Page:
Claude McKay (1889-1948)

    Contributing Editor: Elvin Holt

    Classroom Issues and Strategies

    I suggest that teachers begin with McKay's love poems. This approach allows students to relate to McKay on a purely human level and prepares them for the discomforting racial themes that dominate some of the other poems.

    Students respond to the persistent racism in American society. Some non-black students want to know why they have to read such poems. Many of them believe the poems are "for black people." Some students object to the eroticism of the love poems.

    "Flame-Heart" evokes the romantic tradition of Wordsworth and Shelley, poets whose work McKay admired greatly. This finely wrought poem, which expresses the poet's deep longing for Jamaica, his beloved homeland, highlights McKay's interest in nonracial themes.

    "A Red Flower," one of McKay's most striking love poems, features brilliant conceits similar to those found in the poetry of John Donne and other metaphysical poets. Identify the metaphor in the first and last stanzas of the poem.

    In "Flower of Love," McKay presents another example of his passionate, yet controlled, love poetry. Like "A Red Flower," "Flower of Love" turns on an elaborate conceit, recalling the best work of Andrew Marvell. Describe the poem's central metaphor and explain the reference to the South.

    "America" is one of McKay's best protest poems. Explain the poem's central theme and describe the prophecy the speaker relates in the final quatrain.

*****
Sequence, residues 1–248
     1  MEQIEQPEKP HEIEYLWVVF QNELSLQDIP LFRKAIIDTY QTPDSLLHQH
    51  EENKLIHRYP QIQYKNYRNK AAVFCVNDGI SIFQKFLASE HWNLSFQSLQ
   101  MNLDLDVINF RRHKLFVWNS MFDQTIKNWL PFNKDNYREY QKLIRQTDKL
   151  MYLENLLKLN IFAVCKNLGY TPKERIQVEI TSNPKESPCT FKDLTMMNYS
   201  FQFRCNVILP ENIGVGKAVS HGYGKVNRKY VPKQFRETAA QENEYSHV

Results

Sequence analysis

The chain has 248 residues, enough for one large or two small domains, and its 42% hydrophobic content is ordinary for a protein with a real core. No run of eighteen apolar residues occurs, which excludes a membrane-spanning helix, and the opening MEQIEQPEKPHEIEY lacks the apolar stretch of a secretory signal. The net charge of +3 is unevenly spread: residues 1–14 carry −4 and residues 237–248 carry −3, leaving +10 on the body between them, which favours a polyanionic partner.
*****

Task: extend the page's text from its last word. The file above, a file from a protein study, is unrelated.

"The Lynching," a moving expression of McKay's outrage against the senseless killings of blacks that marked the early decades of this century, depicts Christ as the victim of the lynching. Is the Christ figure an effective image, considering the context?

    McKay's best-known poem, "If We Must Die," urges blacks to wage war against their oppressors. Winston Churchill used McKay's poem to revive the spirit of his countrymen during World War II.

    "The Harlem Dancer" focuses on a beautiful black woman performing in a nightclub. What is the central theme of the poem? Does the poet articulate a point of view with which black feminists might concur?

    "Harlem Shadows" is the title poem from McKay's 1922 collection of poetry. Who or what are the "shadows" mentioned in the poem's title? What does the poem say about the plight of black Americans in general?

    Major Themes, Historical Perspectives, and Personal Issues

    It is essential that students get a sense of what it was like to be black in America during the early decades of this century. Students must also realize that McKay's Jamaican background made him particularly sensitive to the plight of black Americans.

    Significant Form, Style, or Artistic Conventions

    It is important to give students a good introduction to the Harlem Renaissance. Students need to know what the writers (blacks) were trying to accomplish. Students should note McKay's dependence upon traditional British forms such as the sonnet.

    Original Audience

    I help students to understand the social history that shaped McKay's work and determined his first audience. Then I try to help students see why the poems remain fresh and vital to our own time.

    Comparisons, Contrasts, Connections

    Since McKay was influenced by important British poets such as Wordsworth, Shelley, and Donne, it is useful to compare and contrast his work with that of English romantic and metaphysical poets. Stylistic similarities are often evident.


    James R. Giles's Claude McKay is a good book for teachers. The text is well organized, and the index makes it easy to locate specific information.